One small solution is Mining Matters, the educational outreach initiative run by the Prospectors and Developers Association of Canada (PDAC).

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Educating the Next Generation for the Mining Sector – Sylvia Barnard (Part 2)

Onaping Mine ClassroomThe Mining Industry Human Resources Council (MiHR), is undertaking a National Occupational Standards Project which will provide detailed essential skills profiles, core competencies and occupational standards for workers in underground mining, surface mining, and minerals processing.  

The Mining Companies and its stakeholders are moving forward together at unprecedented levels of collaboration in order to address the skilled workforce shortages.  In 2008 we will see national standards start to emerge.  Greater marketing and branding activities for mining as a high tech, dynamic industry will be launched.

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Educating the Next Generation for the Mining Sector – Sylvia Barnard (Part 1)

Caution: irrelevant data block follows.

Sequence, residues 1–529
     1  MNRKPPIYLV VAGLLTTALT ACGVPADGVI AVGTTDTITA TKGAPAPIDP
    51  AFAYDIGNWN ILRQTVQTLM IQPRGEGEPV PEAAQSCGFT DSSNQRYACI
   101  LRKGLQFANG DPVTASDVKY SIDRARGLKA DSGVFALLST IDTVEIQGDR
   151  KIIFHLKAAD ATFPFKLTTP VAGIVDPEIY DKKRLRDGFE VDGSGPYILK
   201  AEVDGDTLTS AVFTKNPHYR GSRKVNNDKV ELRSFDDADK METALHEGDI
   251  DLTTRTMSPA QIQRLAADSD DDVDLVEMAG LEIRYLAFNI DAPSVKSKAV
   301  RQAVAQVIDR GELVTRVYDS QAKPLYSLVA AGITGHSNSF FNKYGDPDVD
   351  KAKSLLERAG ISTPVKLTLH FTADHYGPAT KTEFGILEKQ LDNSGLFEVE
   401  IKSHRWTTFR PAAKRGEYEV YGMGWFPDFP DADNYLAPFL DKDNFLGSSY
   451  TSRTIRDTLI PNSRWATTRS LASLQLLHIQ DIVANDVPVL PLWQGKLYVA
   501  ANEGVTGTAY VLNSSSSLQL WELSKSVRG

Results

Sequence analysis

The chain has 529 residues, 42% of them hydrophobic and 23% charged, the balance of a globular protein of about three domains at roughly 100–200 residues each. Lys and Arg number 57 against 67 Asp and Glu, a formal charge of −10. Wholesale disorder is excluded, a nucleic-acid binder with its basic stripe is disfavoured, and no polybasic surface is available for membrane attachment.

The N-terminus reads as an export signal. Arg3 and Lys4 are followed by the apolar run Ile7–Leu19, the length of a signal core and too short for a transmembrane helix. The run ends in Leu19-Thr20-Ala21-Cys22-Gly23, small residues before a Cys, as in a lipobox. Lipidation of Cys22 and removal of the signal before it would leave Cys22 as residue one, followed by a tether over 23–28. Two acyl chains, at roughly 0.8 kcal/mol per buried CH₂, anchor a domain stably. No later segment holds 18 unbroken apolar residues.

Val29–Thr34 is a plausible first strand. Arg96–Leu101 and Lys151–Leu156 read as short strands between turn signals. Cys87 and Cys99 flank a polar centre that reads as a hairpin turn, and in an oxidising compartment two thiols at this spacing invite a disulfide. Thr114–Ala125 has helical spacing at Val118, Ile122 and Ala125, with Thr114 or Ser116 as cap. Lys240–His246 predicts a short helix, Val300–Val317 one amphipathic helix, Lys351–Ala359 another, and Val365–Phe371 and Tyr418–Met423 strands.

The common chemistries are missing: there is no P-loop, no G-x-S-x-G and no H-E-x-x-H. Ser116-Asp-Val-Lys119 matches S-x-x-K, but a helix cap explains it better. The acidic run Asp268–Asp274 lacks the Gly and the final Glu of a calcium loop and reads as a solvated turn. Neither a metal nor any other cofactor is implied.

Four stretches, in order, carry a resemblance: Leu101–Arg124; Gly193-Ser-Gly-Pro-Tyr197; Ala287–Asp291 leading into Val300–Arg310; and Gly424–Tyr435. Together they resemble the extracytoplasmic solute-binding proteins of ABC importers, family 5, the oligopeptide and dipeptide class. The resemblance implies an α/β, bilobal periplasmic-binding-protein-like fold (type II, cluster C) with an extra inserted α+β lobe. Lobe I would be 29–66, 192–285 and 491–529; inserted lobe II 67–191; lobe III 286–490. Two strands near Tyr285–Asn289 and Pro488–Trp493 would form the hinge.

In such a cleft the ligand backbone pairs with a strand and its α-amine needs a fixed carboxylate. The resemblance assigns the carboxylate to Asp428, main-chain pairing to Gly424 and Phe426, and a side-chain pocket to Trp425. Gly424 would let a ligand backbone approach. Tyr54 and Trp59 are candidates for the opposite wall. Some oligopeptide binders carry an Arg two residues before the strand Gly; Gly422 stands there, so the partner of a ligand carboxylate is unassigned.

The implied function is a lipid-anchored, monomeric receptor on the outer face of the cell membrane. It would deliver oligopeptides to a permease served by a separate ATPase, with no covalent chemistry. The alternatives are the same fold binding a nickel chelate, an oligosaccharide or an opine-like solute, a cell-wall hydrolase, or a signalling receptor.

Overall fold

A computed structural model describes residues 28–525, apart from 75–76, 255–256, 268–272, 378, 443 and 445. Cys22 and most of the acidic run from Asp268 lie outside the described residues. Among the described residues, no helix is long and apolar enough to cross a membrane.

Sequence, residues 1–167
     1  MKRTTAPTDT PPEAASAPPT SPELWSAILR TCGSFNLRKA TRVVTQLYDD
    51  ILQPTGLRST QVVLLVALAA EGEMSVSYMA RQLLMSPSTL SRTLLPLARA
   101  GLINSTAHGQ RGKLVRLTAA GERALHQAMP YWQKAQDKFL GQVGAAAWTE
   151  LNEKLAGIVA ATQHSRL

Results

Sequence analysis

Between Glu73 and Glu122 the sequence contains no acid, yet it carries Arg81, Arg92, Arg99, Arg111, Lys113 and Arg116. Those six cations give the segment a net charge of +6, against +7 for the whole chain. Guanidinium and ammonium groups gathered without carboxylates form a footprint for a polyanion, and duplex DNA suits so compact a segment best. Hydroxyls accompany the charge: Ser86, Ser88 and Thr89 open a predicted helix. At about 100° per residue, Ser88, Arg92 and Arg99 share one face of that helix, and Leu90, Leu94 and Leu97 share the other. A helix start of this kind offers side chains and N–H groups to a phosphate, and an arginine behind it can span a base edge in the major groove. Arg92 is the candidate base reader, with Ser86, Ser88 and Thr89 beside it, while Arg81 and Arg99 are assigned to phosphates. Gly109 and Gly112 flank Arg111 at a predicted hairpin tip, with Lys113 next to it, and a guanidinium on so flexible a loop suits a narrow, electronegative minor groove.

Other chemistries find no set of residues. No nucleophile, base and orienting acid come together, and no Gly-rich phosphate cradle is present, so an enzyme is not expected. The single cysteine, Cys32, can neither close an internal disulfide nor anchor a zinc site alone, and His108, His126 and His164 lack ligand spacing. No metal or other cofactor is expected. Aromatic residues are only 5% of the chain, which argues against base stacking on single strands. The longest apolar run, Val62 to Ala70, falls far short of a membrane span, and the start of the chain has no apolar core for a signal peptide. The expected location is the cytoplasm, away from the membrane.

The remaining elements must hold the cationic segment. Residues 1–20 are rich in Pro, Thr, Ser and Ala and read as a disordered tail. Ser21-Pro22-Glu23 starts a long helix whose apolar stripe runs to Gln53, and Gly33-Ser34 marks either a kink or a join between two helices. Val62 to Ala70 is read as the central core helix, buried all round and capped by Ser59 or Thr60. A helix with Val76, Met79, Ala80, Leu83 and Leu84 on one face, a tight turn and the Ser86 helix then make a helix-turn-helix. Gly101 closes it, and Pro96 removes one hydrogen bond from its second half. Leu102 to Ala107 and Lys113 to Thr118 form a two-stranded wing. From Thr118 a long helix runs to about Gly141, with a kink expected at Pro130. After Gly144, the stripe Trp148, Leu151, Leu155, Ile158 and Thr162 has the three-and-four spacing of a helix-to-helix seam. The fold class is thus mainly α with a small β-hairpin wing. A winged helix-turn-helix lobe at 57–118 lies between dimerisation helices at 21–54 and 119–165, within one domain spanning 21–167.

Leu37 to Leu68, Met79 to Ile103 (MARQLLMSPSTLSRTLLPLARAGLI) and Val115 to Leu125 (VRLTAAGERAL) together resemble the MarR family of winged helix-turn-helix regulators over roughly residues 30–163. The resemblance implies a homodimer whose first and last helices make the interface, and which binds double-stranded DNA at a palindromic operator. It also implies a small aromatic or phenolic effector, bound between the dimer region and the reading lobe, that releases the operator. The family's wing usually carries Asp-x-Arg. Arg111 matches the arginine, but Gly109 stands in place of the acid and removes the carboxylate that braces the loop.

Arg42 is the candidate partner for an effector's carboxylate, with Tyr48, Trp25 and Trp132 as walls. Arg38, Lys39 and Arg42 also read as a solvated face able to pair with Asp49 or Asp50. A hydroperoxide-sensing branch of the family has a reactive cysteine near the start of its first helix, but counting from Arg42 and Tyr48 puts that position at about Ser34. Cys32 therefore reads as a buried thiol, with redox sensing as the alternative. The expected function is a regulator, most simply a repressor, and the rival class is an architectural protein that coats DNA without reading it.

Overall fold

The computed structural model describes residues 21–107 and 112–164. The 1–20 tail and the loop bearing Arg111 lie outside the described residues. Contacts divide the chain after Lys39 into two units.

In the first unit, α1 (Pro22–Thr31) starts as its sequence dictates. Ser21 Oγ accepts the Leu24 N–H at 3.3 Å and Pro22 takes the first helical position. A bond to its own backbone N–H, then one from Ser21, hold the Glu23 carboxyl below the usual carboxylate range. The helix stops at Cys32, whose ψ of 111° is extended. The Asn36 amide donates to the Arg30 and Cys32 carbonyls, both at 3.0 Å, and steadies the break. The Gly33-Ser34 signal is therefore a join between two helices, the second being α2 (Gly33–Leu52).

Cambrian Geology Students in the FieldThe Canadian mining industry is growing, mainly due to the expansion of the global economy.  This global expansion, however, is placing increased pressure on mining companies to recruit workers from around the world.  

The 2005 report of the Mining Industry Training and Adjustment Council (MITAC) identified the need for over 80,000 workers in the mining industry over the next 20 years.  That number has now risen to 92,000.

The industry doesn’t operate in a human resources vacuum.  Foreign mining companies are aggressively recruiting Canadian workers at a much greater rate than the global recruitment activity of Canadian companies. And in addition there are skills shortages throughout Canada not just in mining, but also in petroleum, electricity, construction, etc.

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Cambrian College President Sylvia Barnard – An Introduction

Sylvia Barnard - President Cambrian CollegeSylvia Barnard is President of Cambrian College which is located in Sudbury, Canada. The college has an enrolment of over 4,400 full-time students and approximately 8,000 part-time personal, professional and human resources development courses and seminars.

Cambrian College offers Mining, Geology, and Civil Engineering diploma programs as well as apprenticeship and skilled trades training, graduating over 1,000 students annually for entry into the mining industry. Cambrian College has also been providing research for the mining industry for about 40 years. There is a very close, cohesive relationship between this institution and the local mining sector.